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Mr. Luff: As the hon. Gentleman knows, I have some sympathy for his view that the minorities parties are under-represented on the Select Committees, but I am trying to work out what he thinks that non-Government members of the Committee of Selection can do to put that right. I am not sure that the option rests with us. I need to think exactly what the procedure is, and I feel a little chastened by that.

Pete Wishart: There is no need to chasten the hon. Gentleman. There is a solution. I very much support what was said by the hon. Member for North Cornwall (Mr. Tyler); we have to throw out this Committee entirely. A new Committee of Selection that is representative of the whole House and that includes members from all political parties would be entirely appropriate. We should transfer the powers not to this discredited Committee of Selection that, as we have heard, does so little, meets so little and debates so little, but to a new Committee that is fully representative of all the opinions and parties in the House. That is the solution.

It would be churlish not to acknowledge that progress has been made. As I pointed out to the hon. Member for Mid-Worcestershire, I am on a Select Committee. I have now reached the dizzy heights of the Select Committee on Catering, and I am very grateful for my elevation to that prominent position. It is a position that I take seriously, and I manage to turn up week in, week out to exercise my responsibilities.

Mr. Peter Pike (Burnley) (Lab): Does the hon. Gentleman accept that there are places for members of his party and Plaid Cymru on the Regulatory Reform Committee? They will always be welcome on that.

Pete Wishart: I am grateful to the hon. Gentleman. It is news to me, and I will examine that kind invitation in
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detail and at length. I am sure that he will accept that we participate on Committees when we are given the opportunity. As I said, I am a member of the Catering Committee, and I very much enjoy serving on that. I assure him that I am a diligent member of it and take the opportunity to scrutinise the operations of the Refreshment Department of the House. That is a very important task. However, believe me when I say that questioning Mrs. Harrison about the cost of a fruit scone in the Terrace Cafeteria is not quite the same as questioning the Foreign Secretary about Government policy in Iraq. Important though—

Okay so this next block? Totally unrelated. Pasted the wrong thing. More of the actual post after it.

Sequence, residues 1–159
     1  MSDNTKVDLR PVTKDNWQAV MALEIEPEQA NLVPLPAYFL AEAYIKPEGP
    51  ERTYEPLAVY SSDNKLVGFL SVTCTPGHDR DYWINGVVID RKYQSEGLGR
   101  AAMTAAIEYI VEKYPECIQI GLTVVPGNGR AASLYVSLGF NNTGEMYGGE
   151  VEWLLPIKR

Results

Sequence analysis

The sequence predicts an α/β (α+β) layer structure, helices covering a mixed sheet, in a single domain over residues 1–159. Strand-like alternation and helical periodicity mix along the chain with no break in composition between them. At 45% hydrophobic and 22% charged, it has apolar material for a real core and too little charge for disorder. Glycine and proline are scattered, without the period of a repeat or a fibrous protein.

Mr. Deputy Speaker: Order. We cannot have a wider debate. I have given some latitude to allow the argument to develop, but it is essentially a debate about the motion on the Order Paper. I hope that the hon. Gentleman will not go too far down the line that he now appears to have adopted.

Pete Wishart: I am grateful for your guidance, Mr. Deputy Speaker. I am just trying to make sure that the House understands that progress has been made. I think that the House accepts that the minority parties lack these places and that the Committee of Selection has not been particularly fair to us. We receive sympathy from both sides of the House, and I think that all political parties recognise that a bit of an injustice has taken place. If it is not an injustice, there are certainly issues to do with minority party representation on the Committee of Selection and, therefore, on departmental Select Committees.

If we had a place on the Committee of Selection, we would make sure that the minority parties were properly represented on the departmental Select Committees. However, the reason that we are not on the Committee of Selection or the other departmental Select Committees always comes back to the arithmetic. We are told that the numbers do not stack up. However, even when the numbers stack up in our favour, something else is added to the equation. I take the Liaison Committee as an example. It has been mentioned in the debate, and it is 34 members strong. Even by the crudest arithmetic, we are entitled to 1.3 places on that Committee. However, one can only be a member of the Liaison Committee if one is the Chair of a Select Committee.

Mr. Deputy Speaker: Order. I say again to the hon. Gentleman that this cannot be a debate about the composition of the Committee of Selection. It is about the Committees to be chosen by the Committee of Selection.

Pete Wishart: Thank you again, Mr. Deputy Speaker. I accept your chastisement.